Last Thursday, my wife took our little dog Bella (shown above) to the vet and came home with a bottle of pills called Metronidazole 250 mg, which she said had to be gotten into our dog once in the morning and once at night.
“I broke each pill in two,” my wife said. “She’s a small dog so each time she gets half.”
In full size, the pills are about the size of an aspirin. Cut to half size, they have a jagged edge to them. This was not going to be smooth going down.
The things that go into the front end of our little dog are these. She gets crunchy dog food mixed up with a wet canned dog food in the morning. And she gets the same thing at night. She also, during the day, gets treats. These consist of little tiny slices from sausages that come in a bag we keep in the freezer. We prepare these by putting a single frozen sausage on a butcher block, cutting it into thin slices, dicing the slices, then putting them in a Ziploc bag for hand feeding, one at a time—it is amazing she gets so ecstatic over these things little larger than a tiny crumb—when she does something good such as come when you call even though she is busy with something else she’d really rather do.
This dog is just 16 pounds. She fits in a mesh sided dog bag when we travel. She could fit in a large canvas bag if we were inclined to take her around that way which we are not, but the point is she doesn’t eat much. It’s a spoonful of this and a tablespoon full of that twice a day and these little tiny treats.
We offered the dog the pill as a treat. This would be so great if she would take it that way. I held it out in my fingers. She sniffed it. Not for me, she said, walking away.
We tried putting it in her food that evening. The food is brown, the pill is white. At the end of her meal, what remained was the jagged white pill in the bowl.
We tried the same thing in the morning with the same result. We dismissed the idea of putting the jagged half pill into the treats. The treats we give out are about the size of a quarter of a penny. More than that at any one time upsets her digestion. The half pill would not fit in the tiny treat in any case.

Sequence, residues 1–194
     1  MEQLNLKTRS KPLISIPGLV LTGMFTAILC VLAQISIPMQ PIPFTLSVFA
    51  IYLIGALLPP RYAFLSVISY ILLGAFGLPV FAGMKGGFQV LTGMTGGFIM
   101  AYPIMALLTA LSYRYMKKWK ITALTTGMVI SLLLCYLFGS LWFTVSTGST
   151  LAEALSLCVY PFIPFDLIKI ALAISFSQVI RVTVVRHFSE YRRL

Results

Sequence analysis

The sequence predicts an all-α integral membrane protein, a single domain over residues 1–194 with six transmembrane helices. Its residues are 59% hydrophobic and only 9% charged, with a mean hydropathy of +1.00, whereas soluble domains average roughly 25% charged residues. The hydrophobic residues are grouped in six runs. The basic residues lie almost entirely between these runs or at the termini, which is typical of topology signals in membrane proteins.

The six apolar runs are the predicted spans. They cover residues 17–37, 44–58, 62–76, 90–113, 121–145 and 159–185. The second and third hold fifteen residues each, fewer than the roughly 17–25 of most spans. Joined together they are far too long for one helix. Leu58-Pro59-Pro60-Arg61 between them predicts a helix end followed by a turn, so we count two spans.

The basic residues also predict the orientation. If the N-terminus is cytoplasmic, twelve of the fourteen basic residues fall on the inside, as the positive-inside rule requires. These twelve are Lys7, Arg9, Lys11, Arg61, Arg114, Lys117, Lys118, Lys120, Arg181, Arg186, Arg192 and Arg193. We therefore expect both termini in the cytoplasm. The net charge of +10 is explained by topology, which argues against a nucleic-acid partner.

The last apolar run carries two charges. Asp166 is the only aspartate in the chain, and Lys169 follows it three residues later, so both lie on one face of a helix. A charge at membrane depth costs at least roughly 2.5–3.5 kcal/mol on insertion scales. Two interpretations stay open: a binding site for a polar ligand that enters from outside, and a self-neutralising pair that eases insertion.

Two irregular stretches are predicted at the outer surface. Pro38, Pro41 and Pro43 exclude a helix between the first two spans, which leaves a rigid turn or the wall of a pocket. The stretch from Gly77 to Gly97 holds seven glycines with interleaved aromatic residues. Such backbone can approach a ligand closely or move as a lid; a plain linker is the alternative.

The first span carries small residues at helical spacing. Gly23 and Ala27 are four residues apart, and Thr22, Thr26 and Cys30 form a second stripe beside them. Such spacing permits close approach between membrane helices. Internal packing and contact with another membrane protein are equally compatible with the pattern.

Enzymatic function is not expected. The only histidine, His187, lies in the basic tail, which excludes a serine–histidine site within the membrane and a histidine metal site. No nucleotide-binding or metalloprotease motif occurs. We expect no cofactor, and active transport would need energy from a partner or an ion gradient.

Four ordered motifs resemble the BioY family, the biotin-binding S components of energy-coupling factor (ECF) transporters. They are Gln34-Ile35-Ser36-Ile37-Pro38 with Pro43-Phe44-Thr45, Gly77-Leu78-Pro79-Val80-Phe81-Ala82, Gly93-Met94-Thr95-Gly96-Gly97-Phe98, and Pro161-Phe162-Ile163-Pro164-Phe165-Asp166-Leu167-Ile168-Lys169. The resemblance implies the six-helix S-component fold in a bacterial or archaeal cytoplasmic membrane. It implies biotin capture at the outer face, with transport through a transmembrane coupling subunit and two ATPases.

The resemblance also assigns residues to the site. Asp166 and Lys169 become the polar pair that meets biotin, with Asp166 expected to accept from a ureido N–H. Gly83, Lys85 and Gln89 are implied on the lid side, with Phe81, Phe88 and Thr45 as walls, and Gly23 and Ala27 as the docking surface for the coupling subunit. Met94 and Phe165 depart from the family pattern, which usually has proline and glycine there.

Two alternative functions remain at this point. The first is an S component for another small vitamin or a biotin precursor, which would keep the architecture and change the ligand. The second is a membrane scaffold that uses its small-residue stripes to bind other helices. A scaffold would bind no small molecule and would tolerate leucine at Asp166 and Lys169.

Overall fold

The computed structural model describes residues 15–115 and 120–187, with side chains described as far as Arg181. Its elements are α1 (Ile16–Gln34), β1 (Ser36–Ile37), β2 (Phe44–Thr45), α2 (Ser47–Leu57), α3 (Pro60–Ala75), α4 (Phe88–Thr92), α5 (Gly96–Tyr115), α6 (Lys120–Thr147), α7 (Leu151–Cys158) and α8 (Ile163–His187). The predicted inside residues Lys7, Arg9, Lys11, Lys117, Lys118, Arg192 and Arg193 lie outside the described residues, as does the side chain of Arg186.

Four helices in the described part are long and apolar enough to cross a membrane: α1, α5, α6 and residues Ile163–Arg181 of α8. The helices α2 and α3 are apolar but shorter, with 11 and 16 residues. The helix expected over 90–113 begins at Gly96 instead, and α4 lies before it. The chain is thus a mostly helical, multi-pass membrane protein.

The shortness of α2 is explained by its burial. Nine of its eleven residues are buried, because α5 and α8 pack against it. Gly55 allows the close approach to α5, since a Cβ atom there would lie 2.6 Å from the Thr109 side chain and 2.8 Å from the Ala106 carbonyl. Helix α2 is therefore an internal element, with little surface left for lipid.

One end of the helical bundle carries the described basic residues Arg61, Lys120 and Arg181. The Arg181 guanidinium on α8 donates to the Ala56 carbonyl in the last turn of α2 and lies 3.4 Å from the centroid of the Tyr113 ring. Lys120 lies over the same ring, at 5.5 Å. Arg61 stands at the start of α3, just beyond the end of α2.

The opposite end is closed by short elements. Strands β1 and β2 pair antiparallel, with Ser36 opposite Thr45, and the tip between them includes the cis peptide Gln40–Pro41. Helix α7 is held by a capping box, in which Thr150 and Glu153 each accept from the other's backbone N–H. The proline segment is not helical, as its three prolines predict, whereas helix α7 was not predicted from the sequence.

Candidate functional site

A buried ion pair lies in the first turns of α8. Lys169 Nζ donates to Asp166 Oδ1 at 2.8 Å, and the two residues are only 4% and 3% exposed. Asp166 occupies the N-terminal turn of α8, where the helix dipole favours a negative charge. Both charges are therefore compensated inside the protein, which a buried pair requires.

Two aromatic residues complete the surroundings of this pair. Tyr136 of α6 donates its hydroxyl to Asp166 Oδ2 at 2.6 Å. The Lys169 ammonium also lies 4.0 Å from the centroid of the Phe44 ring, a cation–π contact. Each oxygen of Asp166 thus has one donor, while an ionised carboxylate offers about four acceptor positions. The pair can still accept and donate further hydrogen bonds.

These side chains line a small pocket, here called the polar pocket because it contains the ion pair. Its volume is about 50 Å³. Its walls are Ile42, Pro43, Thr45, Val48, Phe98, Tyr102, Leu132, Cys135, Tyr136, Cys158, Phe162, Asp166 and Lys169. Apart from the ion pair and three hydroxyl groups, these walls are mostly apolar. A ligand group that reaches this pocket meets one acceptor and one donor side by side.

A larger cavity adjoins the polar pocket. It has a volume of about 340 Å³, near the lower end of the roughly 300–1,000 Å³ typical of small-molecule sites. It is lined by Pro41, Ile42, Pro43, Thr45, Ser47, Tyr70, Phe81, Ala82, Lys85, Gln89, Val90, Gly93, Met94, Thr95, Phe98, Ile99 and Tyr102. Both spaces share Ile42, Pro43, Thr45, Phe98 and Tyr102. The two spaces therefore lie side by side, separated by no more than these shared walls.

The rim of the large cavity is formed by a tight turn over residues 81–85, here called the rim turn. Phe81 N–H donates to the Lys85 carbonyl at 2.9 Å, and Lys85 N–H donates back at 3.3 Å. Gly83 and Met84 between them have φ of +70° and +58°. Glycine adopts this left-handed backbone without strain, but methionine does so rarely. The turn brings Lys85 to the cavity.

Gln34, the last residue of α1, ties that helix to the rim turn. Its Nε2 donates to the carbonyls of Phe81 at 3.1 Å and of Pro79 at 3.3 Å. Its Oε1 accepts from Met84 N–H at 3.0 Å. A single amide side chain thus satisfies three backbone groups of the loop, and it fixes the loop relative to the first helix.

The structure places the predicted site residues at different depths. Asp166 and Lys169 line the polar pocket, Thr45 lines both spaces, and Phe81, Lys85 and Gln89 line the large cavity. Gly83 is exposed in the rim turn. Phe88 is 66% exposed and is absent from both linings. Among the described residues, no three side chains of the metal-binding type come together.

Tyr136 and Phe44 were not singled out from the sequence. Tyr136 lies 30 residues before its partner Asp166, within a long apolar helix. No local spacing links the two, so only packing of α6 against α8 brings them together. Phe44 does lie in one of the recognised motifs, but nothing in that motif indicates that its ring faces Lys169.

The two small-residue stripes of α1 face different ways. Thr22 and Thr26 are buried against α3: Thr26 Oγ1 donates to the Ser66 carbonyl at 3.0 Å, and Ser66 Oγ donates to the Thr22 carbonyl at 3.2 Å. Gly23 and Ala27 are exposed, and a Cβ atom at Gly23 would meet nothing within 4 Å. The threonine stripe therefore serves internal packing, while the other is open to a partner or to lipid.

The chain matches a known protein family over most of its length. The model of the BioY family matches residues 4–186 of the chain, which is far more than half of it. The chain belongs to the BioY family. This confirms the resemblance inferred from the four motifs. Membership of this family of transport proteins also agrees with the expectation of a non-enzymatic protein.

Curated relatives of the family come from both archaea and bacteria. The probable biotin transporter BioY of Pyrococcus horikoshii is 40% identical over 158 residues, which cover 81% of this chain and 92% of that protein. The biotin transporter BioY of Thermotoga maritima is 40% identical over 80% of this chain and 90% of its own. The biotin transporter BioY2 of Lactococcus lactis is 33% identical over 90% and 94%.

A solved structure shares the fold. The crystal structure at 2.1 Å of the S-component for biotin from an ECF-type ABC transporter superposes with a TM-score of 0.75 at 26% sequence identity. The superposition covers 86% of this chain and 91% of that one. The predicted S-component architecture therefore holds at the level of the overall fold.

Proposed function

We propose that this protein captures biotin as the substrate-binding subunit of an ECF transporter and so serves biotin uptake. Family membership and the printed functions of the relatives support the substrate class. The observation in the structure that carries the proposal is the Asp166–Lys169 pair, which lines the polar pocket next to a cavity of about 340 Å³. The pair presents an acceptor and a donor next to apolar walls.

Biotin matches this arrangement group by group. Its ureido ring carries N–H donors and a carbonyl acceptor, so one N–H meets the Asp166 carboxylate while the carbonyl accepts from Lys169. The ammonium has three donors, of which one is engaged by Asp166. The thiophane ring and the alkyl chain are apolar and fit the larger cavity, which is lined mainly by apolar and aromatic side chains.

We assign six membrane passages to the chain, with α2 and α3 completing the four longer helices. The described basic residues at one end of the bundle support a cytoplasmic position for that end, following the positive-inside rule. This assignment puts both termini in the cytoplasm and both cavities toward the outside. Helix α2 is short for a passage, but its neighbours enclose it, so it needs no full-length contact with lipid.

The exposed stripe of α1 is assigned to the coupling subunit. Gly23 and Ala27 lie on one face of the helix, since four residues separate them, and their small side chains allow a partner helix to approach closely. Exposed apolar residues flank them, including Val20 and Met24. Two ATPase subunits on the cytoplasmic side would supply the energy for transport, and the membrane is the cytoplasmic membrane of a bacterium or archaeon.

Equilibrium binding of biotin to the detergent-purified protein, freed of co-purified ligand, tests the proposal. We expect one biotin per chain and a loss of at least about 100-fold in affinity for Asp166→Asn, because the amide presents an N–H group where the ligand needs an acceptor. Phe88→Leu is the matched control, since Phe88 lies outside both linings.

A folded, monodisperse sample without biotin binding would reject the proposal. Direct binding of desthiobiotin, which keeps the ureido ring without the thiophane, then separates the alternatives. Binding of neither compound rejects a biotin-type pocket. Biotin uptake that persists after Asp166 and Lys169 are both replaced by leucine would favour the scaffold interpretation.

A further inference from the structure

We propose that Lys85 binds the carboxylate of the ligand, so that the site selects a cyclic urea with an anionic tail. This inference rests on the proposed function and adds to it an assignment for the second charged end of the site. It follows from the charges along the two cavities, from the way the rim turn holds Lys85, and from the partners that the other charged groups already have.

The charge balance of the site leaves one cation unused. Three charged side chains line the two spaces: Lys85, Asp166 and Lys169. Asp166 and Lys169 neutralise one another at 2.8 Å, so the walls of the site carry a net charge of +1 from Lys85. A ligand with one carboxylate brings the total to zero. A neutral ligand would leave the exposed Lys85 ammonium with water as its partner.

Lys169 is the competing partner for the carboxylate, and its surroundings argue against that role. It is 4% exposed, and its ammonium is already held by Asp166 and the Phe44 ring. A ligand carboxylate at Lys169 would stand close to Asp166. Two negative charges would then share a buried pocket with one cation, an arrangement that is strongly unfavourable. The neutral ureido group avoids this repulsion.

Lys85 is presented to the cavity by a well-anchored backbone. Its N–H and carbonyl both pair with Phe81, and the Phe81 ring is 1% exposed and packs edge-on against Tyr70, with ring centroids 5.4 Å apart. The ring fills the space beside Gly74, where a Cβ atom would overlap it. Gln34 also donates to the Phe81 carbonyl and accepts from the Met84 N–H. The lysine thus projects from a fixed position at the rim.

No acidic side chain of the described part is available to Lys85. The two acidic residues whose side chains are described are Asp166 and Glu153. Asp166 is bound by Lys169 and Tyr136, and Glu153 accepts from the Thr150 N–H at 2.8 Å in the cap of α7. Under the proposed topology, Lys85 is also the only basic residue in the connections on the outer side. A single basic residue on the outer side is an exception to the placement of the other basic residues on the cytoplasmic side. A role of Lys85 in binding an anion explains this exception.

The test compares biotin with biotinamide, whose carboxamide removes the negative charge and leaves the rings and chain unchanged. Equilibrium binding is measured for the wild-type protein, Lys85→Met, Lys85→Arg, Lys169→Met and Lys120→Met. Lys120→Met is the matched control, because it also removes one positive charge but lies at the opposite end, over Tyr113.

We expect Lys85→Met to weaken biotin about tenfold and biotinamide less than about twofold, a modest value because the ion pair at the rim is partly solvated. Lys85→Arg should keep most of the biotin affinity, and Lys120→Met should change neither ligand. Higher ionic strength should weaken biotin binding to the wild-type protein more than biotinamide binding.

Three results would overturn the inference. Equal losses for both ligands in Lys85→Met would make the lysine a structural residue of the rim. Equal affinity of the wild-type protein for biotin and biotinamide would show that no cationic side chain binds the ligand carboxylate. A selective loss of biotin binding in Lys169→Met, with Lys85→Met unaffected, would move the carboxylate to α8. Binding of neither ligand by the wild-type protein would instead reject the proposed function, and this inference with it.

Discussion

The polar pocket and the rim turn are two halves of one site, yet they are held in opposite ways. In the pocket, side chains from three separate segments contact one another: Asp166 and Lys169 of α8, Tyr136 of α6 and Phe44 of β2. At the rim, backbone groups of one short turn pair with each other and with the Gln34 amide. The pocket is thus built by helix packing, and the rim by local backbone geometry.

In the fridge, that next evening, I found some slices of cheddar cheese I had bought at Damark’s Deli nearby. I peeled off one slice, ripped it into small squares, placed the jagged pill on top of one of the squares, put another square atop the pill and fashioned it into a marble. I ate the remaining squares. Good. Then I held the marble out to the dog as an orange treat.
She liked it. Or at first she did. She took it in her mouth, scurried off about six feet and set it on the kitchen floor and began examining it with her paws. She poked at it. Then she got it back in her mouth gently and took it further away and set it down on the living room floor to continue to bat at it.
“I don’t think this is working,” I said to my wife.
“Let’s stop looking at her,” she said. “Sometimes if she sees you looking at her, she stops doing what she’s doing.”
We turned away.
“Let’s go back to the kitchen.”
Three minutes later, she was still in the living room but the cheeseball was gone. Also, she was wagging her tail.
“I think it worked,” I said.
“Maybe,” my wife said.
The next morning, my wife, my daughter and our grandkids were swimming in the pool just outside the kitchen. I fed Bella at her bowl, then put the jagged pill in the cheese ball, called her over and made a big fuss over it. She took it and again walked away to set it down on the living room. As I turned away to put the dishes in the dishwasher, I heard the squeaky sound of the dog going out the dog door on the other side of the kitchen to the pool. I looked in the living room. The cheeseball was gone.
I thought—she ate it. Then I thought, maybe she took it out to the pool. I went out the slider to ask. Bella was not there anymore. There’s a gate where you can get up into the hillside at the back of the property. And nobody had seen any cheeseball.
Things seemed to go much better that evening. My wife had a new way of putting the pill in the cheeseball. She’d put the jagged pill on a butcher block and crushed it to powder with the side of a knife. Then she’d put the powder into the cheese ball before folding it up.
“This works,” she said. The next morning and evening, we used this method, her in the morning, myself in the evening. Bella eagerly trotted off with the cheeseballs, wagging her tail.
Bella usually sleeps in a dog bed at the foot of our bed. In the morning we find her curled up there. Or once in a while, we’d wake up under the sheets to find her asleep on the bedspread above, but off to one side pushed up against one of us.
This morning, we woke up to find her on my wife’s side of the bed, pushed up against her. Bella thumped her tail. Between my wife and I, just between our pillows only inches from our heads, was a cheeseball.